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Collier announces

It’s officially official, we have a contested primary for Lite Guv.

Mike Collier

Mike Collier has been itching for a rematch with Lt. Gov. Dan Patrick for nearly three years, after coming within 4.9 points of unseating the Republican in 2018.

“I woke up the next morning thinking, ‘I’m pretty sure if I had more time or money, we could beat him,’” Collier said. “That was my first impulse. The dust settled, and we went and analyzed the performance county by county.”

“I quickly realized: If I stay on this, I can close that gap and I can win.”

Collier, an accountant and former chief financial officer of an oil company, said his campaign infrastructure has grown significantly in the intervening years. He worked to support other Democrats running for office during the 2020 general election and served as a senior adviser to President Joe Biden’s Texas campaign.

[…]

Collier formed an exploratory committee in April to consider running again for lieutenant governor, and his campaign officially began Monday morning.

He is the second Democrat to formally announce for the seat. Matthew Dowd, a former strategist for George W. Bush and political analyst for ABC News, launched his campaign for the post last week.

“We’re close to winning, and when you get close to winning, you begin to attract people who say, ‘I’d like to be lieutenant governor,’” Collier said. “I have been devoted to bringing real political competition to the state, which means winning statewide office for the Democrats. I’ve been focused for nearly a decade and went through the darkest of times with the party.”

This will be Collier’s third run for statewide office after unsuccessful campaigns in 2014 for comptroller and 2018 for Patrick’s seat.

But Collier contends that he is a different candidate today than he was three years ago, one with improved fundraising chops and a better grasp of the issues that are important for voters. For months his refrain has been a call to leaders at the statehouse to “fix the damn grid” after widespread power outages during winter storms this year resulted in hundreds of deaths.

In his mind, a surefire way to win over voters is to ask them, “Are you better off now than four years ago?”

“The answer on so many levels is clearly no,” Collier said, arguing that while he has improved as a candidate since the 2018 election, Patrick’s performance has only gotten worse. “This mad dash to pander to the primary voters of the Republican Party has taken us so far outside of where Texans want us to go.”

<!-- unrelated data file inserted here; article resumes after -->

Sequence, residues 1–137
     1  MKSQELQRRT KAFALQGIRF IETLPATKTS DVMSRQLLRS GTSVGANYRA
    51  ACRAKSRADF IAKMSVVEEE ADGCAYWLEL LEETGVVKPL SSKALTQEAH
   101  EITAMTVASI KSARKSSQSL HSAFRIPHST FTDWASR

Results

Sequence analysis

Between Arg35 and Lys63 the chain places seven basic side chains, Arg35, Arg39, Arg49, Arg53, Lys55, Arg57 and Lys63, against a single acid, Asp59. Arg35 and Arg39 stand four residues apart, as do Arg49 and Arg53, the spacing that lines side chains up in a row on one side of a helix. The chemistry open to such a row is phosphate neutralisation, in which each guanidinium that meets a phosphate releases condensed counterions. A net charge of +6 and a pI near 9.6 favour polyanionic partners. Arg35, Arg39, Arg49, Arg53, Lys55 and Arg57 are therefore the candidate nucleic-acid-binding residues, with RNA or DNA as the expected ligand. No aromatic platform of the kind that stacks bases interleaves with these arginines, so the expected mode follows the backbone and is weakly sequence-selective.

Collier said his campaign will run on the same message and strategy employed in 2018, which he says entails speaking with people in every corner of the state and working to earn their trust, without taking any one voter for granted.

See here and here for the background. Collier was a strong candidate in 2018, and though he hasn’t been much of a fundraiser the fact that this would be his third time on the ballot if he’s nominated does help. I do hope he can raise more money and that he’s built up his campaign infrastructure, because we all are going to need that. I think he’s got his finger on a winning message, it’s largely a matter of getting that message out. I’ll be very interested to see what his next finance report looks like.

As for Dowd, I’ll keep an open mind. Scott Braddock on the Texas Take podcast (the “It’s Never Enough For Trump” episode) kind of laid into Dowd as just a talking head whose biggest asset is being of interest to the media, and drew a clear roadmap for the Collier campaign for why Dowd bears a significant amount of blame for the state of the Republican Party today, which he now publicly decries. Braddock also speculated that a woman or person of color see an opportunity in this race; all I ask is that it’s someone who would be able to fundraise if that is so. I’m happy to have a contested primary, to draw some attention to this race and these candidates and why Dan Patrick is trash and needs to be removed. Let’s make sure that no matter what else happens, we’re all focused on that. Houston Public Media, Spectrum News, and Texas Monthly have more.

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